Isolated coronary artery bypass grafting in obese individuals: a propensity matched analysis of outcomes.
ABSTRACT There is conflicting data regarding the impact of obesity on morbidity and mortality in patients undergoing isolated coronary artery bypass grafting (CABG).
Retrospective cohort analysis of patients who underwent CABG from January 1, 1995, through July 31, 2010 was performed. Patients were classified as obese or non-obese (body mass index ≥ 30.0 kg/m(2) and <30.0 kg/m(2), respectively). The primary outcome was in-hospital mortality. Secondary outcomes included postoperative respiratory failure, postoperative stroke, postoperative myocardial infarction, sternal and leg wound infections, postoperative atrial fibrillation, postoperative ventricular tachycardia, postoperative renal failure and length of hospital stay. Propensity-matched stepwise multivariable logistic regression was performed. Of 13,115 patients, 4,619 (35.2%) were obese. In the propensity-matched logistic regression models (n = 8,442), obesity was not associated with postoperative mortality (odds ratio = 1.13, 95% confidence interval 0.86-1.48). However, obesity was associated with postoperative respiratory failure, postoperative renal insufficiency, sternal wound infection, and leg wound infection. Obesity was also associated with a decreased risk of postoperative bleeding and re-operation from bleeding.
Obesity was associated with an increased risk of postoperative respiratory failure, postoperative renal failure, and surgical site infections. However, obesity was not associated with in-hospital mortality in patients undergoing CABG.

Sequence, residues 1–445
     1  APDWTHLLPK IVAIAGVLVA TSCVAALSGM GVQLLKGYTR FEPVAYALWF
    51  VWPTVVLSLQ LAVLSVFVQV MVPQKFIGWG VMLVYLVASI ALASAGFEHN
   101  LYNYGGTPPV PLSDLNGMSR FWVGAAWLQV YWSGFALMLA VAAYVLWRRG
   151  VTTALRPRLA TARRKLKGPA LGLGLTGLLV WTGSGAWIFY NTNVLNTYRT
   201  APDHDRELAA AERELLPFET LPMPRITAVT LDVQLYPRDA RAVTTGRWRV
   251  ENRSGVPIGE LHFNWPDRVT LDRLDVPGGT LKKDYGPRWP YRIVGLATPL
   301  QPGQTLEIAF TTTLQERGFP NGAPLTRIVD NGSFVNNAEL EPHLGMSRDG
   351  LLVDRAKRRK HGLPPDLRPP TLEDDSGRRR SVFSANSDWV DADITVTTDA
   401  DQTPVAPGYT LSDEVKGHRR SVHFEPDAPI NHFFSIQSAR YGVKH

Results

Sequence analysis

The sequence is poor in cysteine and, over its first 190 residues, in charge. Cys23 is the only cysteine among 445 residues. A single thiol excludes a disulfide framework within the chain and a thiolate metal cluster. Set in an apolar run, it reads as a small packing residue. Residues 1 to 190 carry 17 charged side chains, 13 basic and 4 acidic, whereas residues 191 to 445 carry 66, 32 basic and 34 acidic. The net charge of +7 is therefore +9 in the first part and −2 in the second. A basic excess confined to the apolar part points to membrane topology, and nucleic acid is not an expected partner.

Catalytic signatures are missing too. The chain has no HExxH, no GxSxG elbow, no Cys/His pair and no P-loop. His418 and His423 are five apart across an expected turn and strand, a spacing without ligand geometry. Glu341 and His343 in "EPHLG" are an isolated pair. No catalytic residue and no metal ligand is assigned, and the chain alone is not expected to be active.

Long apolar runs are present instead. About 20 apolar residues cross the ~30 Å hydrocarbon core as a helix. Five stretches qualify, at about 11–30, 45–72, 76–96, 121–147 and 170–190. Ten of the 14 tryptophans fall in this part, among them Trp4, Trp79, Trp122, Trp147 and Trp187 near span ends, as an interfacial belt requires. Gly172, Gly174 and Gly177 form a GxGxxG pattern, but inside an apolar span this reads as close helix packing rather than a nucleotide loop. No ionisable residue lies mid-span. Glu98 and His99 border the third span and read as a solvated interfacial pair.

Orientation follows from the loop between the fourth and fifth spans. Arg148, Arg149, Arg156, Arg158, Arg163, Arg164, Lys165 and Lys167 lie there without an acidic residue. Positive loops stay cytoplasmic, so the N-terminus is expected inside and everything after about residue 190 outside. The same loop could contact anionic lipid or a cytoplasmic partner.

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ABSTRACT: Background Obesity is suggested to reduce postoperative bleeding in patients undergoing cardiac surgery with cardiopulmonary bypass (CPB) but perioperative hemostasis variations have not been studied. Therefore, we investigated the effects of severe obesity (body mass index [BMI] ≥ 35 kg/m2) on chest tube output (CTO) and hemostasis in patients undergoing cardiac surgery with CPB. Materials and Methods We prospectively investigated 2799 consecutive patients who underwent coronary and/or valve surgery using CPB between 2008 and 2012. 204 patients (7.3%) presented a severe obesity. Results In the severe obesity group, the 6-h and 24-h CTO were significantly reduced by -21.8% and -14.8% respectively (P < 0.0001) compared with the control group. A significant reduction of the mean number of red blood cell units transfused at 24 h was observed in the severe obesity groups (P = 0.01). On admission to the intensive care unit, a significant increase of platelet count (+ 9.2%; P < 0.0001), fibrinogen level (+ 12.2%; P < 0.0001) and prothrombin time (+ 4.1%; P < 0.01) and a significant decrease of the activated partial thromboplastin time (-4.2%; P < 0.01) were observed in the severe obesity group compared with the control group. In multivariate analysis, severe obesity was significantly associated to a decreased risk of excessive bleeding (24-h CTO > 90th percentile; Odds ratio: 0.37, 95% CI: 0.17 to 0.82). No significant differences were observed regarding postoperative thromboembolic events between the two groups. Conclusions Severe obesity is associated with a prothrombotic postoperative state that leads to a reduction of postoperative blood loss in patients undergoing cardiac surgery with CPB.Thrombosis Research 08/2014; 134(2):346–353. · 2.43 Impact Factor